Dubrouillet engineers change to a new vocation


James Dubrouillet’s trek to the priesthood has followed a circuitous route, from Missouri to Texas to South Carolina and seminary training in Washington and Maryland, but following his ordination to the priesthood by Bishop David Thompson at the Cathedral of St. John the Baptist in Charleston on July 12, he will be happy to just settle into parish life in South Carolina.

A native of Mexico, Missouri, Deacon Dubrouillet holds a bachelor’s degree in mechanical engineering from Texas A&M University, as well as a master’s degree in that field from Purdue University in Indiana.

He credits three priests assigned to the Catholic Student Center at A&M, Father Leon Streider, Jesuit Father Marvin Kitten, and Father Al Palermo, for furthering his inclination to a religious vocation. The Catholic parish at the school, St. Mary’s in College Station, has long been known as a strong recruiting ground for future priests, as many Texas dioceses receive large numbers of vocations from the college each year.

Following his graduation from Purdue in 1990, Dubrouillet began working at the Savannah River Power Plant near Aiken as an engineer in plutonium and tridium production.

However, shortly thereafter, in 1992, he began formation in the Carmelite order as a pre novitiate and novitiate, studying first year theology at The Catholic University of America. “A lot of risk is involved in leaving your career for years to see if you are being called,” stressed Dubrouillet, who has had engineering articles published in technical journals. He added that while he continued his seminary training, he still received letters from a couple of companies asking “If you’re not happy in your present career….”

He described the Carmelites as “an active, contemplative group,” and said he “still has friends in the Carmelites,” but in approaching ordination with the order, he discovered it was “not for me.” While with the Carmelites, Doubrouillet worked as a carpenter for a summer, rebuilding an air handling system in one of their buildings and repairing a rock stairway. “It was a good way to relax and exercise,” he stated.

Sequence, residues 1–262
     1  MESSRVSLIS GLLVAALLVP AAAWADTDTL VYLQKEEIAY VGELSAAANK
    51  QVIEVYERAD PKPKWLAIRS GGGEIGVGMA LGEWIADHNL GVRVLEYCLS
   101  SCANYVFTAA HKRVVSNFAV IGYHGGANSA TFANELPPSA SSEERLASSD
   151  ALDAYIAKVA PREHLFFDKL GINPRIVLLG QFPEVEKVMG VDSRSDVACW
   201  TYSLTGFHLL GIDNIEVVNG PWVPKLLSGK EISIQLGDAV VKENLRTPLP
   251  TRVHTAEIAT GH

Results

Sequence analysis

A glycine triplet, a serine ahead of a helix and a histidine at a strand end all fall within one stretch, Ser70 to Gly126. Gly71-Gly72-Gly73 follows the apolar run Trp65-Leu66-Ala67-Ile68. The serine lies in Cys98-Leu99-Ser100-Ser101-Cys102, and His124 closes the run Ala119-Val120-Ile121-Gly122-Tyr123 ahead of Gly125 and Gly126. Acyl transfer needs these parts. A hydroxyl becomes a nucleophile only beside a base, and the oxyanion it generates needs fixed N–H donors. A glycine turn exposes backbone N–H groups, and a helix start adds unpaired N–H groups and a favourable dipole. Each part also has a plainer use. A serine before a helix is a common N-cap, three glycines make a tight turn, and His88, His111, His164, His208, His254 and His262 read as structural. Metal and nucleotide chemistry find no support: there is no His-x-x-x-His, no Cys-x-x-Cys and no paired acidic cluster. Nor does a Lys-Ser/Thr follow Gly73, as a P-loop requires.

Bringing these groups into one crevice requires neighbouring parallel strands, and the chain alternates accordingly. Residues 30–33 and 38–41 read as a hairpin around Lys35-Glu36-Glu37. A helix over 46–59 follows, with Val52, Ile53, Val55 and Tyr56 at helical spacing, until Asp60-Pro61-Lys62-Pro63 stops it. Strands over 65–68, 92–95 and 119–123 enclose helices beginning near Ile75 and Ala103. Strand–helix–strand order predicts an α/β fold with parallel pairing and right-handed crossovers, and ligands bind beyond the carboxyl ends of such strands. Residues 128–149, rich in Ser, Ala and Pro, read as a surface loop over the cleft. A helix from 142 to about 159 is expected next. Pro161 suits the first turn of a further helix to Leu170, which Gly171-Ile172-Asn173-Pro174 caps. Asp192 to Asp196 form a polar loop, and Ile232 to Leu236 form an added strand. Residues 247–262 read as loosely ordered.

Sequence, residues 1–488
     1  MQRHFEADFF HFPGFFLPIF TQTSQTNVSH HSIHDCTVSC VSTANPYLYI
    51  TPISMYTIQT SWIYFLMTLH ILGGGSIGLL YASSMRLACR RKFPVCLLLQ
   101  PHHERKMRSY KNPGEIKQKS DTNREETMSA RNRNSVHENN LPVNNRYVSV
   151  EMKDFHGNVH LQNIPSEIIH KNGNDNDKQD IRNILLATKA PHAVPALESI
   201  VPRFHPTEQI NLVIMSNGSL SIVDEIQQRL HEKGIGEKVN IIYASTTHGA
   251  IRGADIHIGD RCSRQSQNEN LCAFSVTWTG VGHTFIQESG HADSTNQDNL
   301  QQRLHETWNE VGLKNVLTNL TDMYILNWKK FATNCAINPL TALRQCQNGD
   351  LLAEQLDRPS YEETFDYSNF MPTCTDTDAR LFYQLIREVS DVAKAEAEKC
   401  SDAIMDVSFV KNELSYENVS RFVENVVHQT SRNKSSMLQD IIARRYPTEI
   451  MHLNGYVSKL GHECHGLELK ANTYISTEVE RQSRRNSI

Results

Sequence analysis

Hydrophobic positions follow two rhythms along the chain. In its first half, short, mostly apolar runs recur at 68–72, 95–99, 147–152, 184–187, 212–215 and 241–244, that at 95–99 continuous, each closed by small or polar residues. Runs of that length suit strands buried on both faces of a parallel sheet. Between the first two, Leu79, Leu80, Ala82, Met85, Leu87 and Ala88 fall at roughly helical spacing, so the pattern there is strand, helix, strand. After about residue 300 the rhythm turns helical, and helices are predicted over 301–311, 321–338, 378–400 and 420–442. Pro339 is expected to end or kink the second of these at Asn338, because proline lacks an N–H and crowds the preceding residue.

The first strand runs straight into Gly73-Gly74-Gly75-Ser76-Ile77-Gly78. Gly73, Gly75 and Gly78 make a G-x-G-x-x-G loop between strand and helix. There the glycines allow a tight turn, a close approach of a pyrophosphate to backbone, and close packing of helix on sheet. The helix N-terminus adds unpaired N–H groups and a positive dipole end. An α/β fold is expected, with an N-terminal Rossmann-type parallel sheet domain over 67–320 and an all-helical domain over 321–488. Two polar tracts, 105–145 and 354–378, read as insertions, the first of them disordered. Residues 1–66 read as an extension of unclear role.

“Formation with the Carmelites was a very beneficial experience and taught me a lot about having a personal prayer life,” said Dubrouillet. “Jesus would very often retreat and pray for awhile. Mass is a whole different style of prayer than personal prayer.”

For the last four years, Doubrouillet has been studying at Mount Saint Mary’s College in Emmitsburg, Maryland. He served his summer assignments with Father Thomas Evatt at St. Mary, Help of Christians, in Aiken in 1995 and with Msgr. Charles Rowland at St. Joseph in Columbia in 1996.

Dubrouillet said that, “a good sense of what parish ministry is really like focused my work at the seminary, especially since parish life is so different in South Carolina.”

In citing his family’s role on his vocation, Dubrouillet said a main factor was his 92-year-old maternal grandmother Minnie, who got up every morning at 5 a.m., spent 45 minutes at home praying, and attended daily Mass.

And as strong as the faith of his grandmother was, so is Dubrouillet’s outlook on his pending ordination. “I’m not giving up anything. I see it as a great gain,” he exclaimed. “If you want something daring, really wild to do, try being a priest.”